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September 2002
SPL fixture lunacy. TV chaos. Boastful Leishman. Broadfoot. U-21s





Aneurin Bevan once said that on an island made mainly out of coal and surrounded by fish that it took an organising genius to produce a shortage of coal and fish at the same time.

The SPL demonstrated genius of the kind Bevan talked about last season when they failed to play a single game over the Easter weekend. This term they’ve actually managed to top that lunacy just a few weeks into the campaign.

Thus far they’ve contrived to give some teams just one home fixture out of the first four played. They’ve given both Dundee teams home games on the same day’s card, forcing one match to be changed to the Sunday . They’ve moved a match (Partick V Celtic) from Saturday at 3pm to Sunday then back to Saturday but at 12.30 so quickly it should be in the Guinness Book of Records. They’ve forced some clubs to go four weeks between home fixtures.

And it’s going to get better. There are midweek matches scheduled for December - madness in itself. But that wouldn’t be all that bad if fans didn’t have to travel too far. Say, Old Firm and Edinburgh derbies, Killie v Thistle, Motherwell V Livingston, one Dundee team at Dunfermline and the other at home to Aberdeen.

But that’s far too sensible for the SPL. Instead, they’re sending Partick to Dens Park on December 4th. But the biggest joke of the lot must be sending the most southerly side in the SPL - Kilmarnock - away to the most northerly - Aberdeen - on the same December Wednesday night!

Boxing Day sees Dundee United travel to Livingston and Kilmarnock to Dunfermline!

Then they’re letting the New Year in by sending Killie to Tannadice and Celtic to Pittodrie on January 2nd - a public holiday!

And in the midst of all this chaos, where is the guiding light of the SPL? Chief Executive Roger Mitchell.

Mitchell has been keeping his head down since his lunatic SPL TV scheme exploded all over his face, leaving Lex Gold to face the critics. But the bold Roger re-emerged from his bunker recently to give an audience to a party of ‘selected’ (read ‘tame’) hacks.

Here, amidst a bravura performance of “nothing to do with me guv”, he made the astonishing assertion that if the SPL doesn’t get its act together, then he’d have to consider his position as it wouldn’t feel right taking the money and the car in those circumstances. I seem to remember him saying something similar when SPL TV collapsed.

If he handed the car keys back tomorrow, could things really get any worse?

Mitchell used to be a marketing man for the Spice Girls. They were unaccountably popular for a while, though never as big abroad as at home. Then their glaring lack of talent became all too obvious and they broke up amid acrimonious slanging matches.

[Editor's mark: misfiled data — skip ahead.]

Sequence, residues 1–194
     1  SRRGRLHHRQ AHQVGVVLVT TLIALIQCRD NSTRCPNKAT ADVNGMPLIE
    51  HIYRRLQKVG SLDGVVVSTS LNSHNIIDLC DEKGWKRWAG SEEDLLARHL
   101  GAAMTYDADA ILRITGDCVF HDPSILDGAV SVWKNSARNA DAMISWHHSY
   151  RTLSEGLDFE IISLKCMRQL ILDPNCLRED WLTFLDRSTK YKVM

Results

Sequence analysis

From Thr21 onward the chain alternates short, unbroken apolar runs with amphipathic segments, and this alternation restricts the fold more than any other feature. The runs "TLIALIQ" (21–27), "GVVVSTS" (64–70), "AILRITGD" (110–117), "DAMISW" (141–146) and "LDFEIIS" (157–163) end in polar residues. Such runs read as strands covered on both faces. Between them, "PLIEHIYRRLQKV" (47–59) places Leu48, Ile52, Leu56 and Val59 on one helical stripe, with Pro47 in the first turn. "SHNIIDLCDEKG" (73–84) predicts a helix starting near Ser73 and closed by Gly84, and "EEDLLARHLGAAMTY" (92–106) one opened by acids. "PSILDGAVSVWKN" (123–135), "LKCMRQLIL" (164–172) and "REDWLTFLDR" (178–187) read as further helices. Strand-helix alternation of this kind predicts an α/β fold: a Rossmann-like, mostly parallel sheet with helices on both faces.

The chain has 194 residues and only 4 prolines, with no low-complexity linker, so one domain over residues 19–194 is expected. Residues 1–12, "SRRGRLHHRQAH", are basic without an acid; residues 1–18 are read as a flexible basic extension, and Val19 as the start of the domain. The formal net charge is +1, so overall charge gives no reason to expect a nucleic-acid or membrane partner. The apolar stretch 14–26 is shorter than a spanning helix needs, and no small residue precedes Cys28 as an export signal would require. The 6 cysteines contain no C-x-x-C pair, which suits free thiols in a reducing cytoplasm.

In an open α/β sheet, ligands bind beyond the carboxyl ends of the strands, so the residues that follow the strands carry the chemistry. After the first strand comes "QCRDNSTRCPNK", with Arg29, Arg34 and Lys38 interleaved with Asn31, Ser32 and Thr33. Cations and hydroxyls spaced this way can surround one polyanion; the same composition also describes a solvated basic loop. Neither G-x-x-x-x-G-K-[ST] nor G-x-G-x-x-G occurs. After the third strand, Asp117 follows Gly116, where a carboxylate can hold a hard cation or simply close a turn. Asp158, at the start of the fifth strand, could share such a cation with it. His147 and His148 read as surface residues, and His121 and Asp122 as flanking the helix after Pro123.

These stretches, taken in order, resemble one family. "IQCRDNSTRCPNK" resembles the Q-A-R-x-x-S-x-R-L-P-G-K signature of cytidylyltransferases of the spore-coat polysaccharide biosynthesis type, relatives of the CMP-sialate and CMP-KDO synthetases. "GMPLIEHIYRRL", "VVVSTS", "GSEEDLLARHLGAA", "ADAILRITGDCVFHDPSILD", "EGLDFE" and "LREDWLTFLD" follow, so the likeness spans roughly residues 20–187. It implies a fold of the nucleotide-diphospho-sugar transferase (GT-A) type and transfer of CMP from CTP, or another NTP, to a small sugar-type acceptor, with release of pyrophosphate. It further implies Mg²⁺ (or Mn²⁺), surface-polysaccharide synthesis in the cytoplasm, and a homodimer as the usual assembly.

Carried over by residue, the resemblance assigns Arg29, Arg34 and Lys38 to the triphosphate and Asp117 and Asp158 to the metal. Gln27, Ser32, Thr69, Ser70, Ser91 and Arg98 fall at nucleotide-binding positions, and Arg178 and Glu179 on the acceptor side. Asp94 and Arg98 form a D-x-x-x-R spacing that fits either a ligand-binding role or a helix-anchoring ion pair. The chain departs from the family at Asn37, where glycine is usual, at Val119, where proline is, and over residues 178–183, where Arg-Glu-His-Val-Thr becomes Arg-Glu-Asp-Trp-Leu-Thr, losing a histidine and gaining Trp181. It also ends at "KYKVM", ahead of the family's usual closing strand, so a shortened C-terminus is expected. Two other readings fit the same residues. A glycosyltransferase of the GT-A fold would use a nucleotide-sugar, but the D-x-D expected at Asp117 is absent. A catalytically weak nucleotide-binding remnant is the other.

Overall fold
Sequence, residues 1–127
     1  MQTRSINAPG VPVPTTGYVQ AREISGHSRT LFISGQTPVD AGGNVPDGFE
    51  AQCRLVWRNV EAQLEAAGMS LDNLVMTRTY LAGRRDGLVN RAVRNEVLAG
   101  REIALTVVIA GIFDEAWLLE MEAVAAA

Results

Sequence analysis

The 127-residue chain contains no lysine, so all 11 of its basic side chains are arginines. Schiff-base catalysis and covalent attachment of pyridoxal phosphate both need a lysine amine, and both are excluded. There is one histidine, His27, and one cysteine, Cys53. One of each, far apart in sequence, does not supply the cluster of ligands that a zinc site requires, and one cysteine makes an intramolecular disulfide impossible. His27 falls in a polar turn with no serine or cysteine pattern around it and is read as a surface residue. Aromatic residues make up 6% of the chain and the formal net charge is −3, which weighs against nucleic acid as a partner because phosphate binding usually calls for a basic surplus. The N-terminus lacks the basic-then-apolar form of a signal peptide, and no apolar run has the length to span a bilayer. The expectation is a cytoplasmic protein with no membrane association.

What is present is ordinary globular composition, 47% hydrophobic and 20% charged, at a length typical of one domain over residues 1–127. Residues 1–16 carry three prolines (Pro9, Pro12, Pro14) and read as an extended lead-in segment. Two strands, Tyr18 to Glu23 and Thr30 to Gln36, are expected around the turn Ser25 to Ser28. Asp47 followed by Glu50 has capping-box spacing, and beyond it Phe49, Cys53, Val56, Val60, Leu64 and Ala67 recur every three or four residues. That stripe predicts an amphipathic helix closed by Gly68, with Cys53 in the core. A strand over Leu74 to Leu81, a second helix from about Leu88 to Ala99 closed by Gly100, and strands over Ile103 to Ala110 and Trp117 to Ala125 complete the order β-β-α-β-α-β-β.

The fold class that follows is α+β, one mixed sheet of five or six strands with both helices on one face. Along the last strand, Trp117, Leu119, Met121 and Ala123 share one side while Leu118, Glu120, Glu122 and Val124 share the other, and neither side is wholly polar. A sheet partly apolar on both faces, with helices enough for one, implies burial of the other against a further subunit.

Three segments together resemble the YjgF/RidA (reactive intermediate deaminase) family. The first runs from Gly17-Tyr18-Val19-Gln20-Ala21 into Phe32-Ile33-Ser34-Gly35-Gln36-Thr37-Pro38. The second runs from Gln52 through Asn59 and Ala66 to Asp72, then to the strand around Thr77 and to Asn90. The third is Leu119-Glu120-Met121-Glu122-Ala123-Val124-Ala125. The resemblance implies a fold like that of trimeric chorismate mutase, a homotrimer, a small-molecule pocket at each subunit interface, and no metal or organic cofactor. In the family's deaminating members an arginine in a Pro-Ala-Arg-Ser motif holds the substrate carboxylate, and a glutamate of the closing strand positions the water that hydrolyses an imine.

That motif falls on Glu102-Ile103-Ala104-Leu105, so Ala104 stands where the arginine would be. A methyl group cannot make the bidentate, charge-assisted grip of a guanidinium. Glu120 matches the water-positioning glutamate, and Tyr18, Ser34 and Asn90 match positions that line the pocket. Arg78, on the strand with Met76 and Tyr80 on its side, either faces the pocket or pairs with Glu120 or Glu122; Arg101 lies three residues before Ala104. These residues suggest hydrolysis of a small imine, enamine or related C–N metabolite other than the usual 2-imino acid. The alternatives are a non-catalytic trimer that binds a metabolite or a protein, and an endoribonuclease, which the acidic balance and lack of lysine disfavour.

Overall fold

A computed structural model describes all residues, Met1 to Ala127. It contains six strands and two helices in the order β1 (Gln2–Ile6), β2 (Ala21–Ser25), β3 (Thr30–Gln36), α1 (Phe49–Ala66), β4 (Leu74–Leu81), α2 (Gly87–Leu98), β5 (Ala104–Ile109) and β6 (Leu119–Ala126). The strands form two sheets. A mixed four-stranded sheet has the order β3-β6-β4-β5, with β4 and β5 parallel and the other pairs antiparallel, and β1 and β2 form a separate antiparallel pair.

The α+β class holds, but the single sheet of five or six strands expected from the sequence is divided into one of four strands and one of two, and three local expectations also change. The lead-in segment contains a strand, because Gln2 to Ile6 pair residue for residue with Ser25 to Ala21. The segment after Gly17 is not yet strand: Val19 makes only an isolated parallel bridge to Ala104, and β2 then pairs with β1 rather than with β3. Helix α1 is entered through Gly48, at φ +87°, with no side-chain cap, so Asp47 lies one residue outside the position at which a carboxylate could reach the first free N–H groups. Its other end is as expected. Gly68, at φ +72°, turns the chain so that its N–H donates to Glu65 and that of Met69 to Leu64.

No wonder Roger feels at home with the SPL.

Put on the Leish

Jim Leishman should start taking the quiet tablets. The Livingston gaffer sounded off about UEFA Cup opponents Vaduz, accusing them of sour grapes after Livvy squeezed past the minnows on away goals.

Leishman should have been down on his knees giving thanks to whatever deity inspired the referee to rule out Vaduz’s last-minute strike which,in a fairer world, would have given them the victory they deserved.

As for his complaint that Livvy were rookies at this level and should have been given more credit, that beggars belief.

Firstly, his squad is packed with experienced pros who have played for clubs all over the continent. Secondly, where would he rank a goalless draw against a team from Liechtenstein among these past European debuts by Scottish clubs? Dundee 8 Cologne 1, Kilmarnock 5 Eintracht 1, Dundee United 2 Barcelona 0, St Johnstone 3 Hamburg 0.


Our favourite hack Darryl “Were you at the match, caller?” Broadfoot continues to get all the glam games. Fresh from his trek to Moldova, Darryl was sent to Fir Park on Saturday. Even by his own standards he excelled himself.

He started off his 550-word match report by talking about coloured boots before going on to do a number on players hairdos. Throw in the obligatory name-checks (Di Canio, Beckham, Ljungberg) and the reader might be forgiven for wondering what has happened to the Motherwell V Hibs match report he assumed he would be reading.

But fear not, Darryl misses nothing. Halfway through his piece, he actually BEGINS his match report, starting (where else) in the 73rd MINUTE.

Treasure him. His legions of admiring Eastern European feminist Orangemen just can’t get enough.